By John Grisham
Another fastpaced courtroom thriller by the unchallenged master of the genre, Grisham, this one deals with the sudden career crisis faced by David Finch, who is employed by one of the leading legal firms in the country Rogan Rothberg. One fine morning, FInch has an epiphany of sorts and escapes the firm, metaphorically speaking, spends the day at a bar getting totally toasted, and winds up at the office of Finley & Figg, who are nothing more than lawyers at the bottom of the lawyer food chain. Finch decides to join them as an associate, a decision his wife Helen is wary about, but decides to support.
Parallel to this is the brainwave of one of the associates to sue a giant manufacturing firm for one of their anti cholesterol drugs which they believe is responsible for heart damage and eventual death of those who take them. Sadly though, their case isn’t well researched and they flounder into situation after situation, when up against the well prepared lawyers hired by the third-largest pharmaceutical company in the world they’re up against. There is an interesting subplot about lead poisoning of a child thanks to vampire teeth toys which have been painted with toxic paint, which adds the tearjerker element to the plot.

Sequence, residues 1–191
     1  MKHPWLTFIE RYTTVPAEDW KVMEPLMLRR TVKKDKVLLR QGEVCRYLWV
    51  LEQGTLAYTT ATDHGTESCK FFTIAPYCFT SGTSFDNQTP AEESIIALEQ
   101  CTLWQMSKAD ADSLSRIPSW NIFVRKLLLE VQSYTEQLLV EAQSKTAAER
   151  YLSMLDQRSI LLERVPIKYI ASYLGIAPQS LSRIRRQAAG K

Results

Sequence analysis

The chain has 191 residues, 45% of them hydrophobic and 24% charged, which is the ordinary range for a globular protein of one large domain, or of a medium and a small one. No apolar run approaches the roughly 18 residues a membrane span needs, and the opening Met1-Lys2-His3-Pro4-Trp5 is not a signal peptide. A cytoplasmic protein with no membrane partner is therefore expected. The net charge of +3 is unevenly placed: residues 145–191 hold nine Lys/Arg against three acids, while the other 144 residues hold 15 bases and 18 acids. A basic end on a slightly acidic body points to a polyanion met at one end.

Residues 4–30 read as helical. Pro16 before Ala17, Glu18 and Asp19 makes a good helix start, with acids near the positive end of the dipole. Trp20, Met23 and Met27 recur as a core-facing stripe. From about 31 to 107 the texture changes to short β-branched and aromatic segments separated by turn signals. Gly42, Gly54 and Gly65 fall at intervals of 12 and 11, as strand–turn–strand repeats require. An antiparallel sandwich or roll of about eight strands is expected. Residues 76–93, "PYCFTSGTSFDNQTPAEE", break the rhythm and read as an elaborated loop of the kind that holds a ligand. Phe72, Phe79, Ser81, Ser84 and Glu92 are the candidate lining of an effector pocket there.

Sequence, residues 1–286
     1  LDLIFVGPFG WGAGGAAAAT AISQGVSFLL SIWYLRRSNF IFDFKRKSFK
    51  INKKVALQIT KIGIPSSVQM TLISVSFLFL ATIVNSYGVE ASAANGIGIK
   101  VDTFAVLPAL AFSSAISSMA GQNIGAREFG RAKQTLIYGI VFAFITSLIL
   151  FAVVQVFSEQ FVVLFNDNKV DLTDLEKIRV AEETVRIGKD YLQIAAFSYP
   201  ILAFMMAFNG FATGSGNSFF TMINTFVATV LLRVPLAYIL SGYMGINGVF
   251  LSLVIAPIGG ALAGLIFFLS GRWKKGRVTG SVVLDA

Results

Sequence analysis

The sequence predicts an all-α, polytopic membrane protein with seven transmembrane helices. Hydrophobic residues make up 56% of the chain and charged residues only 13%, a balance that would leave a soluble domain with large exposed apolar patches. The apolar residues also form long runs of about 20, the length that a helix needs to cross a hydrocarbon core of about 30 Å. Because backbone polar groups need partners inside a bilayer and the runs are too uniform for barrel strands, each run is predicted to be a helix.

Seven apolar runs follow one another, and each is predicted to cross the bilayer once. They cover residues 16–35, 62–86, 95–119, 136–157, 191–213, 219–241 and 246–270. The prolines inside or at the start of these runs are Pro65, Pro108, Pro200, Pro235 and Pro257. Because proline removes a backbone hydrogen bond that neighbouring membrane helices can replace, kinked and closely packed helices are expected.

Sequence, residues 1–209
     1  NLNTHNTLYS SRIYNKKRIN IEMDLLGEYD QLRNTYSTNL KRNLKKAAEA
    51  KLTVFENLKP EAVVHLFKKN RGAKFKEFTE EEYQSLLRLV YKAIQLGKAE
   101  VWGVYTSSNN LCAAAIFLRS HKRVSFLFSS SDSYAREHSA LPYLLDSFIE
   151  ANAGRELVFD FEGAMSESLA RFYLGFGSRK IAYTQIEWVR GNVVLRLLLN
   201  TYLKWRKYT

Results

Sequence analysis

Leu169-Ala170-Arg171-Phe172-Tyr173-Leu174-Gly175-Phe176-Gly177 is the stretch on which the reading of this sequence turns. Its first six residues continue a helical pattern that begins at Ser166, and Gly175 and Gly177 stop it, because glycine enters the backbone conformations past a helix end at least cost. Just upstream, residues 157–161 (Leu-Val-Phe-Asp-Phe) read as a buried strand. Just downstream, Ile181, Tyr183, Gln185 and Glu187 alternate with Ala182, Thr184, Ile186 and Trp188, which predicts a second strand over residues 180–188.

This book stands apart from the Grisham novels one has read before with a sudden lighthearted touch. The characters are etched out delicately, with an underlying empathy for the situations each of them find themselves in, the courtroom drama is not as tautly paced as it in his previous novels, but the focus of this novel, though on the case is also about the lives of the lawyers involved in this case, how their lives unravel or come together as the case might be as the trial progresses.
The book takes a dispassionate look at the herd mentality of the mass tort lawyers and their penchant to jump onto a possible bangwagon without properly assessing whether they have a case on their hands. And sprinkled into this novel are some genuine laugh out loud moments which make you do a double check as to whether it is truly a Grisham at hand.
Definitely a read. But not, I would say, among those books you would remember Grisham by.